Crypto giant Kraken will give employees 4 months’ salary to leave

Crypto giant Kraken will give employees 4 months’ salary to leave

  • Kraken CEO is offering four months’ salary to employees who disagree with his values ​​to leave.
  • The program is called “Jet Ski,” and employees have until June 20 to participate, the New York Times reported.
  • “We want it to feel like you’re jumping on a jet ski and happily embarking on your next adventure!” Read a memo about the project.

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Kraken, one of the world’s largest cryptocurrency exchanges, pays its employees four months’ wages if they disagree with its values, according to the New York Times.

In a Wednesday report detailing internal cultural turmoil at the company, the publication cited interviews with Kraken employees who reported “hurtful” comments about preferred pronouns and demeaning remarks made about women, among others by CEO Jesse Powell.

Employees also said Powell held a company-wide meeting on June 1 where he unveiled the program called “Jet Ski,” designed to encourage employees to leave if they don’t believe in Kraken’s cryptotypical libertarian principles, the Times reported .

A 31-page document known as “Kraken Culture Explained” positions the program as a “recommitment” to the company’s core values. Employees have until June 20 to participate in the acquisitions, the Times reported.

“When you decide to leave Kraken, we want it to feel like you’re hopping on a jet ski and happily embarking on your next adventure!” Read a memo about the acquisitions, according to the Times.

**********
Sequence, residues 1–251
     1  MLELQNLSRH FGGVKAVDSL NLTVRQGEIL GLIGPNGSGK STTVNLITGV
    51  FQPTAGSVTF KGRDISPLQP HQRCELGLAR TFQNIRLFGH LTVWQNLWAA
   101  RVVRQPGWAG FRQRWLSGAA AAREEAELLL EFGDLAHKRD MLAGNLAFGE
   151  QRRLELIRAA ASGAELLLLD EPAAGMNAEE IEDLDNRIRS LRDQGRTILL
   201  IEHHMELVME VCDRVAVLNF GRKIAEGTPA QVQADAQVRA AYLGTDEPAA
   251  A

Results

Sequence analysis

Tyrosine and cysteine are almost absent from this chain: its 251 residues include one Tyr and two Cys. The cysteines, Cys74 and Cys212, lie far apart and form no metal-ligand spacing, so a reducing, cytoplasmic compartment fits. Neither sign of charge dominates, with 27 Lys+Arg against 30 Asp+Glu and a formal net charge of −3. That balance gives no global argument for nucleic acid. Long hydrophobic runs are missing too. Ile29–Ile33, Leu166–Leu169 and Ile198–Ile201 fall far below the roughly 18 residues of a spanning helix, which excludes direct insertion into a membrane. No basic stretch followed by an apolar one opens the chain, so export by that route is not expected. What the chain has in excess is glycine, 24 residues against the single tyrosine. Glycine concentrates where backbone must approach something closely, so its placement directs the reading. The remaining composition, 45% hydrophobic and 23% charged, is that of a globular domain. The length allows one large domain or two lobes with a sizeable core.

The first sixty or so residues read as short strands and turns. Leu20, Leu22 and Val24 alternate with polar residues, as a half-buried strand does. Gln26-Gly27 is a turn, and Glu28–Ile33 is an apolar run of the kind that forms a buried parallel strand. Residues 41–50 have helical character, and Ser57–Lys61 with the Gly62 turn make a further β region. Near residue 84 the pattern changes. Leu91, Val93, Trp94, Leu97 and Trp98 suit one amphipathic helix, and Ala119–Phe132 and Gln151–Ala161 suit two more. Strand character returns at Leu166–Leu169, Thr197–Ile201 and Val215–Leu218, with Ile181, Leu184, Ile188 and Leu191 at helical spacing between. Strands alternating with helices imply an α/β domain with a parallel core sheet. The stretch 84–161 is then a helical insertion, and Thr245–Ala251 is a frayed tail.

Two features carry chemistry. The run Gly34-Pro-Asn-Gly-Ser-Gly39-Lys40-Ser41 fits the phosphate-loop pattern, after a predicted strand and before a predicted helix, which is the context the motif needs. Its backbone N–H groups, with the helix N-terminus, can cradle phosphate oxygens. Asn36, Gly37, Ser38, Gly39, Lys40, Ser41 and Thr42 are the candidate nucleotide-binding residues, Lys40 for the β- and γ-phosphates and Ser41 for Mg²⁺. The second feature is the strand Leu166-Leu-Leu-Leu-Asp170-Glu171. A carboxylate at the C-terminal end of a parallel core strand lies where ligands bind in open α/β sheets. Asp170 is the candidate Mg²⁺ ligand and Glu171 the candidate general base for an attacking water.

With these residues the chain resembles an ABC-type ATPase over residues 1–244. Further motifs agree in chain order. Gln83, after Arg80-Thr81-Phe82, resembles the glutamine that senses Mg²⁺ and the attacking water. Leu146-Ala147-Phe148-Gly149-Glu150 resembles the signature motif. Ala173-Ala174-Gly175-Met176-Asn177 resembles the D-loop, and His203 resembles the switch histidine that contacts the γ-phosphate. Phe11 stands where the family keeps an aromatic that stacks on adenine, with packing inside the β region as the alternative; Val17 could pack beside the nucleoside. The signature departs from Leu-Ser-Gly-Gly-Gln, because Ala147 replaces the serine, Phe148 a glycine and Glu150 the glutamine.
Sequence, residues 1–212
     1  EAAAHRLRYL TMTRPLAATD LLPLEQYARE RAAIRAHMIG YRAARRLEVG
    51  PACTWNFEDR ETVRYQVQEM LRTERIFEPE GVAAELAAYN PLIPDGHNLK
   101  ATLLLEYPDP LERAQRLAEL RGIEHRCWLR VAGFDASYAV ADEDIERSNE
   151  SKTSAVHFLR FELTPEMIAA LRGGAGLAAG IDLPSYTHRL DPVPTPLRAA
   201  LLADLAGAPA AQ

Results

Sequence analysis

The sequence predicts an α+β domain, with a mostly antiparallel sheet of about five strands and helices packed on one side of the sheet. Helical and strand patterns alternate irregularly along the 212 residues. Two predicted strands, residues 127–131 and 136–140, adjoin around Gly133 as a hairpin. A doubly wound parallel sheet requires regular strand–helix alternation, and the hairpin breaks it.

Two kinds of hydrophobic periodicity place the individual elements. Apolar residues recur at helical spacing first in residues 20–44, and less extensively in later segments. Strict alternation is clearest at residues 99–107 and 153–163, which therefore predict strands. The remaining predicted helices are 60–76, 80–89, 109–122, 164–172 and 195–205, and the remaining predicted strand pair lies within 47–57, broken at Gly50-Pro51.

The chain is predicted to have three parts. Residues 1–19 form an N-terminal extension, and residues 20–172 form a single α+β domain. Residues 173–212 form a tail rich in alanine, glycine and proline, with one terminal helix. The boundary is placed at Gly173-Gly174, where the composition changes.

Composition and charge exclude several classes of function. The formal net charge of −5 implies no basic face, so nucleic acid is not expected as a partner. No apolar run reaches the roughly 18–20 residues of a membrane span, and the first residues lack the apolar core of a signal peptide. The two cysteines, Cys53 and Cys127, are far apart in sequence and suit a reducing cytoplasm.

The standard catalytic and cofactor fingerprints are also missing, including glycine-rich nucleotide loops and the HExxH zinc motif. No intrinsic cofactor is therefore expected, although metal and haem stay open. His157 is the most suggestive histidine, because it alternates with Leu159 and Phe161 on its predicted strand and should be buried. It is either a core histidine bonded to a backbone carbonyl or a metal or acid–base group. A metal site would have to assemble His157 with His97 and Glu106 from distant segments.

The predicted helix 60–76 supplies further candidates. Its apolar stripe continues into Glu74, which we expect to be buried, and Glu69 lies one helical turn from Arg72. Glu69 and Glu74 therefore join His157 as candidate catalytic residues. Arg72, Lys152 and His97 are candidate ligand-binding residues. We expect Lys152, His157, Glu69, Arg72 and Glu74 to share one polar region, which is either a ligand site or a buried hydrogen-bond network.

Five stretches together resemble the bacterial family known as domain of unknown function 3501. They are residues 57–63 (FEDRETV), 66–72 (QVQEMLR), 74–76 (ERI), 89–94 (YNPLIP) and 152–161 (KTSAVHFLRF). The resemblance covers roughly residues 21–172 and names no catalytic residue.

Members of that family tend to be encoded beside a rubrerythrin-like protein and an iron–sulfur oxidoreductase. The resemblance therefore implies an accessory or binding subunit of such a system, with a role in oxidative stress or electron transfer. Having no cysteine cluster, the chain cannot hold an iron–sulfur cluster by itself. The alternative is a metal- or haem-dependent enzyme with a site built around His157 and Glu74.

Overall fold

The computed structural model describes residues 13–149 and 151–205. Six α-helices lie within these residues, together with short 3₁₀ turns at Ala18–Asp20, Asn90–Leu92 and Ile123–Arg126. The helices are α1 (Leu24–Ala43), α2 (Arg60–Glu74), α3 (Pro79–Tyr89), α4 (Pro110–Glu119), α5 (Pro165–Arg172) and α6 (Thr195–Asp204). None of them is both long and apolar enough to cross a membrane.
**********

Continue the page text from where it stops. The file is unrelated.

Kraken did not immediately respond to Insider’s requests for comment.

On Monday, Kraken executive Christina Yee wrote to employees on Slack that “the CEO, the company and the culture will not change in any meaningful way,” and urged employees to “go somewhere that doesn’t disgust you.” ‘ reported the Times.

Pending the publication of the articles, Powell said on Twitter on Wednesday that “most people don’t care and just want to work but can’t be productive if triggered people keep dragging them into debates and therapy sessions committing, disagreeing and committing or taking the money.”

“20 out of 3,200” employees disagree with the company’s values, Powell said, while noting that there had been “some heated debates.”

Anti-establishment sentiment is rampant in cryptocurrency and other decentralized finance spaces. It has brought the industry common ground with some conservative figures who denounce ideals in favor of what they see as free speech.

Powell’s Kraken culture manifesto includes a section headed “We don’t ban vulgarity,” stresses the importance of “tolerance for different thinking,” and said “law-abiding citizens should be able to arm themselves,” according to the Times.

Powell is not alone in his stance. Elon Musk, CEO of Tesla and SpaceX, similarly said a “wake mind virus” is affecting the business of streaming giant Netflix, which also shared a culture memo with employees in May.

The company asked employees to quit if they disagreed with the content presented, such as Take, for example, controversial comedian Dave Chappelle’s program, which sparked a backlash over jokes about transgender people.

Musk retweeted the message with the caption: “Nice move by @netflix.”